Jackson County commissioners apparently need a history lesson regarding the connection between county government and the Southern Oregon Historical Society.
At least that seems to be the case after reading that Commissioner John Rachor is opposed to placing a heritage district proposal on the May ballot because it might encourage other non-county functions to float proposals of their own.
The Southern Oregon Historical Society was a county function for half a century, with its own dedicated property tax levy. When voters approved a series of property-tax limitation measures in the 1990s, tucked away in the fine print was a clause rolling all separate levies into the county's overall tax base. That included the Historical Society levy and the Jackson County Library System levy. The Extension Service never had its own funding source, depending instead on appropriations from the county general fund to match federal and state dollars.
Commissioners (not the ones now in office) then decided the county could not afford to continue to support libraries and museums at previous levels, leading to closing the libraries and reopening them under outsourced management with reduced hours. The Historical Society sold off assets and transferred responsibility for some properties to the city of Jacksonville in its efforts to stay afloat.
Now the Our Heritage Political Action Committee wants to ask voters to create a special taxing district to levy no more than 5 cents per $1,000 assessed valuation to support 17 museums and societies under the umbrella of the Jackson County Heritage Association.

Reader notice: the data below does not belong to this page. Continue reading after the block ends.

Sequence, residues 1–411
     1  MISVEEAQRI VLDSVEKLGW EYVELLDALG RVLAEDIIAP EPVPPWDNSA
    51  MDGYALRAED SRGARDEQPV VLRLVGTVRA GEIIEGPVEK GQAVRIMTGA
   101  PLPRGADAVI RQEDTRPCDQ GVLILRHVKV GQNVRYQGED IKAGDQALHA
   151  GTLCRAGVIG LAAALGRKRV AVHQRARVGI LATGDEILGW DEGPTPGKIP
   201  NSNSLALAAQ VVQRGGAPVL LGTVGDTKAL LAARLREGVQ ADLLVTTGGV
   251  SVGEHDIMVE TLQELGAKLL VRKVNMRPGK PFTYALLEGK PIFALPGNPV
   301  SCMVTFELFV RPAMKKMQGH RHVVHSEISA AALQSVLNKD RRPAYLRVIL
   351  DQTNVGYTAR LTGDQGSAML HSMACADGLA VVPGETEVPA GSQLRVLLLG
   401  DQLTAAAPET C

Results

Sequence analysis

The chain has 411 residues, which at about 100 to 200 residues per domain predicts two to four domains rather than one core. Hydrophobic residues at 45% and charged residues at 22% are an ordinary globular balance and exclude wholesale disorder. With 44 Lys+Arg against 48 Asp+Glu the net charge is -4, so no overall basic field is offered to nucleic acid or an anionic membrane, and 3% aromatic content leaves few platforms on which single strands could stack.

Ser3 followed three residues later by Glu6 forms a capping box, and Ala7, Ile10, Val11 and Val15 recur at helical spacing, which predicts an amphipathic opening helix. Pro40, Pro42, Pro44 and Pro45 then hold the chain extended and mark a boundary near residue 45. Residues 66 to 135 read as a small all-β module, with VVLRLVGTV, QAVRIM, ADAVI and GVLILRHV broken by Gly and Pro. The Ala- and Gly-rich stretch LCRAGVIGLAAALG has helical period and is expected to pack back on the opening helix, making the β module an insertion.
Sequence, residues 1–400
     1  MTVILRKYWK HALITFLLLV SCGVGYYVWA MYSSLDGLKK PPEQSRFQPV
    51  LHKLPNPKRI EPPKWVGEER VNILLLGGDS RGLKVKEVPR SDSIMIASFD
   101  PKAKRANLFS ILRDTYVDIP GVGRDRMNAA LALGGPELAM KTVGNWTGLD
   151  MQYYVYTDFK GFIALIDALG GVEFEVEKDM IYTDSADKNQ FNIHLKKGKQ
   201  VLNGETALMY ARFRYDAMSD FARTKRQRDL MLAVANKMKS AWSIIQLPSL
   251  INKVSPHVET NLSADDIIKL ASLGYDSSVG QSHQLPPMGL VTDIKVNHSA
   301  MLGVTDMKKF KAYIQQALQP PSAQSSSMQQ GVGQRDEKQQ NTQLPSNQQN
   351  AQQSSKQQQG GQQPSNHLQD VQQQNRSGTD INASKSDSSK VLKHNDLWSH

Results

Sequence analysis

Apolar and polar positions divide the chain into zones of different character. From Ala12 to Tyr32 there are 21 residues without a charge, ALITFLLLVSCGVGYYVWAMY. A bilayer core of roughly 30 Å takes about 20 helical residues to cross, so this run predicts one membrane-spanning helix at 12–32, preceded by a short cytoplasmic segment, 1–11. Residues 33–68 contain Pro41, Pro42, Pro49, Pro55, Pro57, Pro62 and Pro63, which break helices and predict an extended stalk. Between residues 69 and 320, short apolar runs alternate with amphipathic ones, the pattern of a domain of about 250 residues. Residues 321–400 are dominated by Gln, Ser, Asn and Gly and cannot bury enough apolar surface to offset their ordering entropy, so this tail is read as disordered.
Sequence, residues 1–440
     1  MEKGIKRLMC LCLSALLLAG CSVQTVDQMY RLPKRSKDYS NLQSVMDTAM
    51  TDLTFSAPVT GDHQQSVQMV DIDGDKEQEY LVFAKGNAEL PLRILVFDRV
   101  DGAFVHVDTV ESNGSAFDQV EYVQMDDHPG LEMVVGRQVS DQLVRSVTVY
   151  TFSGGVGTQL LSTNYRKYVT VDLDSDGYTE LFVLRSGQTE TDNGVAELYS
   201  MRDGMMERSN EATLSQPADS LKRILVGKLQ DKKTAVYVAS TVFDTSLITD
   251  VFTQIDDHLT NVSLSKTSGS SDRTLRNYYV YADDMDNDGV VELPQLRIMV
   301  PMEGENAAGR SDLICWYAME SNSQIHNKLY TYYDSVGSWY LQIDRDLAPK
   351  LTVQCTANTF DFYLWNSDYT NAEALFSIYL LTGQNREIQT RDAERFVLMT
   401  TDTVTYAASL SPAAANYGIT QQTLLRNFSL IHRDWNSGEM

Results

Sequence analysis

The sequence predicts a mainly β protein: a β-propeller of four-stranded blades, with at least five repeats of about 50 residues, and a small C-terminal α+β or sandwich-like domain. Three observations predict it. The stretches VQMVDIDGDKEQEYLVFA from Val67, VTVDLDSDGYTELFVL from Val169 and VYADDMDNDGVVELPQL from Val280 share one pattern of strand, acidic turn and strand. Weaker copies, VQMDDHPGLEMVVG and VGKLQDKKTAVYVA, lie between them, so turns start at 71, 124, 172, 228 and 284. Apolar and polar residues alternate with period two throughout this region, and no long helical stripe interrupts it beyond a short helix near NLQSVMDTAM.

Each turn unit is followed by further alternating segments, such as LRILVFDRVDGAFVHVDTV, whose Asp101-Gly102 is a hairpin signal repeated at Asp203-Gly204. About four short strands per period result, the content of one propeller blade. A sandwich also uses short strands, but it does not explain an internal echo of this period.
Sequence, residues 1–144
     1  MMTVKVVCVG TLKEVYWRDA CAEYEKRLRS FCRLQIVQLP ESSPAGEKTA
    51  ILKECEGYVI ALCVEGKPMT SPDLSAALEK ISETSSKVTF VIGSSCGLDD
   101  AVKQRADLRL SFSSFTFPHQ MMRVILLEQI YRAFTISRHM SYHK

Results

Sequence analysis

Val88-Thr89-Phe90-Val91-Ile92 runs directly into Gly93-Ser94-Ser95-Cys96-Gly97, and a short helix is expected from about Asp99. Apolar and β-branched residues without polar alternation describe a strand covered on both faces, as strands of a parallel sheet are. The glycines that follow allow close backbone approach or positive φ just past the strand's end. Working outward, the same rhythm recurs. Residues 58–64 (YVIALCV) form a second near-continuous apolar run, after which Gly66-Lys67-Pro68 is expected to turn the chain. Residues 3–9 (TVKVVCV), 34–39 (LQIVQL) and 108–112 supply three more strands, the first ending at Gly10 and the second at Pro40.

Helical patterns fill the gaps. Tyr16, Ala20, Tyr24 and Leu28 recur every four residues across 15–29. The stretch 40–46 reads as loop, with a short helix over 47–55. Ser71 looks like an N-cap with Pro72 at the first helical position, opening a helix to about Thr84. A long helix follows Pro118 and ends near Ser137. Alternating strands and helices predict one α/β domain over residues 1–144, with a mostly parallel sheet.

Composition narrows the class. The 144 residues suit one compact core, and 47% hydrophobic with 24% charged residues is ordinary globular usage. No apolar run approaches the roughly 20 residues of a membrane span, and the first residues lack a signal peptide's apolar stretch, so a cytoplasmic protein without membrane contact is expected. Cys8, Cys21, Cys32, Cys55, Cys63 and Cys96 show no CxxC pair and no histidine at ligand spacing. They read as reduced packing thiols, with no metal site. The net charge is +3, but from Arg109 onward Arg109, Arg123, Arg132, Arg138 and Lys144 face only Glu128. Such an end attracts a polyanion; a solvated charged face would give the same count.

There are good arguments to support such a move, as there are good reasons to support continued library services and the myriad programs of the Extension Service. Not wanting to load three separate money measures onto the May 2014 ballot is a legitimate concern. Voter fatigue often results when too many tax measures appear at one time.
But that wasn't Rachor's reasoning. While Commissioner Doug Breidenthal said he might support placing the heritage district measure on a later ballot, Rachor said he wanted to concentrate on the libraries and Extension programs, suggesting museums and historic preservation have no connection with county government.
Actually, the money that once flowed to those functions now contributes to the county's general fund, which, among other things, pays the salaries of Rachor and his fellow commissioners.
Reasonable people may disagree about the priority of history versus libraries versus the Extension Service, but all have long-established connections to county government, and county voters ought to be consulted about their futures.